Job was such a man. I the midst of trials such as few men have ever known, he declared:

God forbid that I should justify you: till I die I will not remove mine integrity from me. My righteousness I hold fast, and will not let it go: my heart shall not reproach [me] so long as I live (Job 27:5,6).

Most of us know that someone saying “I will go an do”: is not the same thing as their having “gone and done.” What a delight it must be to work with people who are “true at all times.” I had an assistant in the group leadership of my High Priest group. He was utterly reliable. When he said, “I’ll take care of it,” whatever ‘it’ was, I knew I could forget it. In his case it was the same as if it were already done. He “was true at all times in whatsoever thing [he] was entrusted.”

They were men of truth and soberness (Alma 53:21)

What are you serious about? What feelings in your life occupy a place beyond the reach of levity or dishonesty? 
It is not difficult to imagine these boys going about their duties resolutely and tenaciously. The covenant they had made—to fight, and if necessary, to die for the Nephite cause—was never far from their thoughts. It was a thing that they were likely to “always remember.” That covenant, therefore, would affect nearly all of their actions and words. Keeping it would transform them into men of “truth and soberness.”

We, too, have been commanded to always remember the Lord and our baptismal and sacramental covenants with him. That remembering ought to infuse us with a measure of soberness that others outside the kingdom would not comprehend. The Lord spoke of this when he said, "Treasure these things up in your hearts, and let the solemnities of eternity rest upon your minds.” (D&C 43:34)

They walked uprightly before the Lord (Alma 53:21)

In lesson #15 we talked about the warning of King Benjamin against listing (see Mosiah 2:32,33,37). We also mentioned the image of the plumbline from Amos 7. The Lord expects us to walk uprightly before him. Another way to think of this is mentioned in D&C 121 wherein we are told that if we abide by certain requirements, our confidence will wax strong in the presence of God. We will not cower in fear before him. Because we have kept the commandments and followed the prophets, we will be confident enough to stand upright in his presence.

Nephi described walking uprightly to his brothers in this way:

And now my brethren, if ye were righteous and were willing to hearken to the truth, and give heed unto it, that ye might walk uprightly before God, then ye would not murmur because of the truth, and say: Thou speakest hard things against us. (1 Nephi 16:3)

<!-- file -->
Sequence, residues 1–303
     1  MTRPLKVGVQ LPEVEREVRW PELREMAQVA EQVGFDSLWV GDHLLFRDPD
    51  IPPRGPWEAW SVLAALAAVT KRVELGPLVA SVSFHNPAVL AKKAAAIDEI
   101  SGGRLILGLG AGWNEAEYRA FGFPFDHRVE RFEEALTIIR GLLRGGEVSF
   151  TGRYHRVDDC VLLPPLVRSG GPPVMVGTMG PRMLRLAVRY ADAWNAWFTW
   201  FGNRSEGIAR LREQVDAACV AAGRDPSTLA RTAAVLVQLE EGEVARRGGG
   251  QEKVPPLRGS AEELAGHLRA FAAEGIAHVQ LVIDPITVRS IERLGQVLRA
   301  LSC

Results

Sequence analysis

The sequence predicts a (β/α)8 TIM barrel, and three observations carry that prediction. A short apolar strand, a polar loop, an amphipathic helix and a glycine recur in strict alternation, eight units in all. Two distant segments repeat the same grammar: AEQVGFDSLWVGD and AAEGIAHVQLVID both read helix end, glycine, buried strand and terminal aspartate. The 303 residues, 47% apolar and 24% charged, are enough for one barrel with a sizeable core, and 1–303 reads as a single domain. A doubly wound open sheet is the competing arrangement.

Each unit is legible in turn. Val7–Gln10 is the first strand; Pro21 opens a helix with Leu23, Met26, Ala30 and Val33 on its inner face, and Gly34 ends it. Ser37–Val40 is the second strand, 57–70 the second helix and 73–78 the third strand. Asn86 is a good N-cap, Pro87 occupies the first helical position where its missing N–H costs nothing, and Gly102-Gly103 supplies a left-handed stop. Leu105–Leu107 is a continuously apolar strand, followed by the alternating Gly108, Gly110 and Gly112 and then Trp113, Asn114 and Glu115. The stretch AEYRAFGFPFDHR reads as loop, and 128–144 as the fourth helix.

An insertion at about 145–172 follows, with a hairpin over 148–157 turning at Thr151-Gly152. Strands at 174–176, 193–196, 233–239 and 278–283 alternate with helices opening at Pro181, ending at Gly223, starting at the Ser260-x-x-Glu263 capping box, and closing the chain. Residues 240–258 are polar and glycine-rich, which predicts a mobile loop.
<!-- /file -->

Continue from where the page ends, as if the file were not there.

They did not fear death (Alma 56:46,47)
Look at Alma 53:47. What did these young men fear? What were they most concerned about? In this matter they are much like Abinadi and John the Baptist and Stephen and many others, including the converted Lamanites who became the Anti-Nephi-Lehies, who knew that some things are worse than death. 

I have been terrified by spiders and minefields and machine guns and thunder and loud noises in the dark and movies about sharks and the man who caught me riding his horses. But I have in years past (I am ashamed to confess) listened to language and watched movies and committed sins that should have paralyzed me with terror. We must discipline ourselves to be afraid of the right things.

They loved and trusted and believed their mothers (Alma 56:47,48; 57:21)

Three or four years ago a T-shirt/sweatshirt pattern circulated in the church. The shirt had a drawing of young Book of Mormon warriors and this caption: “STRIPLING WARRIORS WERE MOMMAS’ BOYS.” They certainly were! The fathers are only mentioned once in one verse—Alma 56:27. One wonders why? All the verses that speak of the Anti-Nephi-Lehies praise them as a people of stunning righteousness without distinction of father and mother. 

My father died when I was 17. I was the baby of the family and the last child at home. Most of what I learned about the gospel in those late teen years I learned from my mother. My faith and my love and my trust were nurtured by her faith and love and trust. I knew that she knew the Lord. I knew that she got answers to her prayers. I knew that she worked miracles by her faith. I knew of her absolute trust in the Lord and the prophet and in the priesthood. My mother bore her testimony of the doctrine and the truth and the power of the gospel, and I did not doubt my mother knew it.

To be a righteous woman during the winding-up scenes on this earth, before the Second Coming of our Savior, is an especially noble calling. The righteous woman’s strength and influence today can be tenfold what it might be in more tranquil times. She has been placed here to help, to enrich, to protect, and to guard the homeCwhich is society’s basic and most noble institution. Other institutions in society may falter and even fail, but the righteous woman can help to save the home, which may be the last and only sanctuary some mortals know in the midst of storm and strife (Teaching of Spencer W. Kimball, p. 327).

They did obey and perform every word of command with exactness (Alma 57:21) 

The word exactness is a wonderful expression. The Stripling Warriors performed every word of command with exactness! I worked for Del Monte stacking boxes of canned vegetables and driving a forklift. I bagged groceries for Valley Discount and ran a supply room in the 14th Military Intelligence Battalion of the U.S. Army. I suspect that I used the phrases “close enough” and “good enough” hundreds of times in those jobs. I knew what I had been assigned to do, and I knew when I had done it well enough to avoid censure. “Close enough,” I would say, or “good enough,” and go on to other things. But these Ammonite youths performed every word of command with exactness. For them, good enough was never good enough. They did it right every time.